Red Cross stepping into Attawapiskat crisis

The Canadian Red Cross is expected to intervene in the crisis gripping the northern Ontario First Nation community of Attawapiskat where families live in tents, others in shacks with no running water and human waste is dumped from buckets into ditches.

By Jorge Barrera
APTN National News

The Canadian Red Cross is expected to intervene in the crisis gripping the northern Ontario First Nation community of Attawapiskat where families live in tents, others in shacks with no running water and human waste is dumped from buckets into ditches.

The Canadian arm of the international aid organization agreed to step in to find short-term help for the impoverished, fly-in community of 2,000 people currently grappling with a severe housing shortage, said NDP MP Charlie Angus.

The Red Cross agreed to get involved during a teleconference this evening with the chief of the community, the grand chief of Mushkegowuk Council and Angus.

Angus said Ontario and Aboriginal Affairs officials refused an invite to participate.

“With the Red Cross stepping in now, we hope to start coordinating a short-term response, while the larger, medium to long term response will take place once we bring the other parties (Ottawa and Ontario) to the table,” said Angus, whose riding of Timmins-James Bay includes the community.

More details about what the Red Cross intervention would entail are expected to be released Thursday.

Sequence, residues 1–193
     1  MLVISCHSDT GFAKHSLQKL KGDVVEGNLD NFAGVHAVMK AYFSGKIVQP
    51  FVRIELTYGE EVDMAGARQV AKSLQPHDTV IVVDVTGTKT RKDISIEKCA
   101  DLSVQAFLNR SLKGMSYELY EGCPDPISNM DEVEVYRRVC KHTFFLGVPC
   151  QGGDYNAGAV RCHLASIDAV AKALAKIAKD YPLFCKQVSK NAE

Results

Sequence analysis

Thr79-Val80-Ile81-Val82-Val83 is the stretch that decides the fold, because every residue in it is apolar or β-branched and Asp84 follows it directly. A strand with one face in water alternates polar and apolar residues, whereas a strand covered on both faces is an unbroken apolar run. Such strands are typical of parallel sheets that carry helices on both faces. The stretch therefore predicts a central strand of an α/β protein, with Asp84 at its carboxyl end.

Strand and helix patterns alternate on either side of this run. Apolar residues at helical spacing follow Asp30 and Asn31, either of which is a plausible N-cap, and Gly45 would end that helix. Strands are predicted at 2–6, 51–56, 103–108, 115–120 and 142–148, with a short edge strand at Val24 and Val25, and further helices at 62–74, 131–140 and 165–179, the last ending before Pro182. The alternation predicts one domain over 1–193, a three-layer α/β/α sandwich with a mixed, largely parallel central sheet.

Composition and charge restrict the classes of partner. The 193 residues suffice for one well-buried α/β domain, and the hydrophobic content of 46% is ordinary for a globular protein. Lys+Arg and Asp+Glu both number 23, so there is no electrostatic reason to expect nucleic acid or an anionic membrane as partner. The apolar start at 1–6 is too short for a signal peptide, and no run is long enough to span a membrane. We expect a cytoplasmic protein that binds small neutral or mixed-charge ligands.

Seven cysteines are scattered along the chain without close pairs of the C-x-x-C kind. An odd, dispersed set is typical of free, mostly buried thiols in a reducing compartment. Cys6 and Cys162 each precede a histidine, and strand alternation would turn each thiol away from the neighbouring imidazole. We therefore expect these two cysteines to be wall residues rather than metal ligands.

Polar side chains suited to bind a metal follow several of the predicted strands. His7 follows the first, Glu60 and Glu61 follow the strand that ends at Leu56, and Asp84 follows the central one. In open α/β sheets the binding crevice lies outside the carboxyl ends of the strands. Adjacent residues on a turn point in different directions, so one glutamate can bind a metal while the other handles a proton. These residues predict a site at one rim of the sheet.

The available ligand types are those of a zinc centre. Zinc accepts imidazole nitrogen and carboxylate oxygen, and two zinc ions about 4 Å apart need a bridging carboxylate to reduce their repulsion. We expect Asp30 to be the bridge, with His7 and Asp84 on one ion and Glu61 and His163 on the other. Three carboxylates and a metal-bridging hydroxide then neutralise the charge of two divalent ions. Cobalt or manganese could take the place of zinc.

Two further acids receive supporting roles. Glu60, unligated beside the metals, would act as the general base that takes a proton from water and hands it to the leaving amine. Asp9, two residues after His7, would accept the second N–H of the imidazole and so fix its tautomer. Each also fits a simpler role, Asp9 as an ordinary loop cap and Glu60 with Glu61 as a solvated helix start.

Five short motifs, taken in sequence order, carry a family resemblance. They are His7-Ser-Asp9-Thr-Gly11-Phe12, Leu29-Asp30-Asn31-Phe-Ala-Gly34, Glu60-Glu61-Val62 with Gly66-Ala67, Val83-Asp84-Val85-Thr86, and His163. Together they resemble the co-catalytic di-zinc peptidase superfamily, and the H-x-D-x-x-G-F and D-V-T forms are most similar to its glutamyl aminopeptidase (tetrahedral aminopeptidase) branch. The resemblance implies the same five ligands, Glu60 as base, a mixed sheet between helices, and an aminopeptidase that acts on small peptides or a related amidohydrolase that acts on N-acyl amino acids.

A spokeswoman for the Red Cross said earlier in the day that the organization was considering stepping in to help Attawapiskat, but first wanted to determine what role the community wanted it to play.

“We are definitely in communication and figuring out what role we can play in terms of support and immediate need,” said spokesperson Tanya Elliot.

With temperatures dropping as winter approaches over this northern Ontario community that sits where the Attawapiskat River meets James Bay, community leaders fear death looms for the residents here who are being forced to live in conditions that have been described as “inhumane.”

Children are already suffering from illnesses and high fever and the flu is starting hit, said Monique Sutherland, the housing manager for the community.

“It is getting scary where the temperatures are dropping every week and we are getting nervous,” said Sutherland, who lives in a two-and-a-half bedroom trailer with six other people.

Sutherland’s oldest son was forced to live in a shack because there was no more room.

The Registered Nurses’ Association of Ontario wrote an open letter to Prime Minister Stephen Harper and Ontario Premier Dalton McGuinty asking both levels of government to immediately intervene.

“We are deeply ashamed that federal and provincial officials are pointing fingers at each other and refuse to take responsibility, particularly as children and elders of Attawapiskat face life-threatening conditions as winter approaches,” said the letter, dated Wednesday. “As nurses, we are profoundly concerned about the dangers of fire, freezing, infectious diseases, skin conditions and mental health challenges that arise when people are forced to live in inhumane conditions.”

Angus said the situation in Attawapiskat, which sits about 90 kilometres away from a diamond mine, is a “national disgrace.”